Tuesday, January 24, 2006


Posted in Pakistan on Monday, January 23, 2006
By Amber Johnson, Metro Marketing
& Communications Director for New York

A rousing game of "Duck, Duck, Goose" may not seem like therapy to the outsider, but for nine-year-old Nimra and other children like her, a good game can go a long way to making life feel a little more normal. Continued below.

Children at one of World Vision's "Child Friendly Spaces" play a game of blindfold hide 'n seek.

I met Nimra this morning at one of World Vision’s Child Friendly Spaces (CFS). A CFS is a place where young earthquake survivors can sing, laugh and play. World Vision staffers provide games to increase self-confidence, help children express their emotions and begin to move past the horrors of the quake.

Nimra is an outgoing girl who seems at ease in her environment. But when her school reopened after the earthquake, Nimra was afraid to leave her mother and aunt. Though no one in her elementary school was killed, 287 girls died at the high school near Nimra’s house when the concrete roof collapsed.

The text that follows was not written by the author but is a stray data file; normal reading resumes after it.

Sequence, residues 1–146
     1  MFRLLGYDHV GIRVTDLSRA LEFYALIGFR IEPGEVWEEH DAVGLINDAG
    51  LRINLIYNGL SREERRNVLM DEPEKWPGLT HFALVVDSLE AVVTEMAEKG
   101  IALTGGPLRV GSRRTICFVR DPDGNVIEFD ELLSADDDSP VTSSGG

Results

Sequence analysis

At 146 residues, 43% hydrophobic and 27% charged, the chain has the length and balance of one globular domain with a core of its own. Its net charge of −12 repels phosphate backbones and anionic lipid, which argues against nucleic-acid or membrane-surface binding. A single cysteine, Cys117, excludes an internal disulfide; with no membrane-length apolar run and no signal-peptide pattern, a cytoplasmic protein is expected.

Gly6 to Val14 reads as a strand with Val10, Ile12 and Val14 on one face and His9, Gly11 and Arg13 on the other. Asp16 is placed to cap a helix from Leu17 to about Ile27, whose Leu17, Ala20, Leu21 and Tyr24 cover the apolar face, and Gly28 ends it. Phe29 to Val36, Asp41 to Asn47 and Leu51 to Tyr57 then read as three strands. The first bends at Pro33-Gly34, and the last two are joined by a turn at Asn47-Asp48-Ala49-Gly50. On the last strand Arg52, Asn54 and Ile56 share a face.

Nimra began attending World Vision’s CFS, which operates just a short distance from the tent her family now occupies. Playing at the CFS helped Nimra become more comfortable being away from her home; as she came to enjoy time with her friends she was less frightened to return to school. Now, Nimra’s mother is happy to report, she is back in school and doing well.

World Vision operates 15 CFS's in the earthquake zone, serving about 700 children each weekday. One girl I played with today, 11-year-old Zainab, took a ring off her finger and slid it onto mine as we were parting. I protested, but she insisted I keep the gift. I was uncertain what to do, so I spoke with Noor, my World Vision Pakistan colleague.

“It is good that you keep the gift,” Noor told me. “These children feel emotions strongly and she is learning to express them by giving you this ring.”

For Nimra and Zainab, World Vision’s Child Friendly Space offers a safe place to test new emotions and deal with fear and anger, the earthquake’s residue. That’s quite an accomplishment for a simple game of "Duck, Duck, Goose!"

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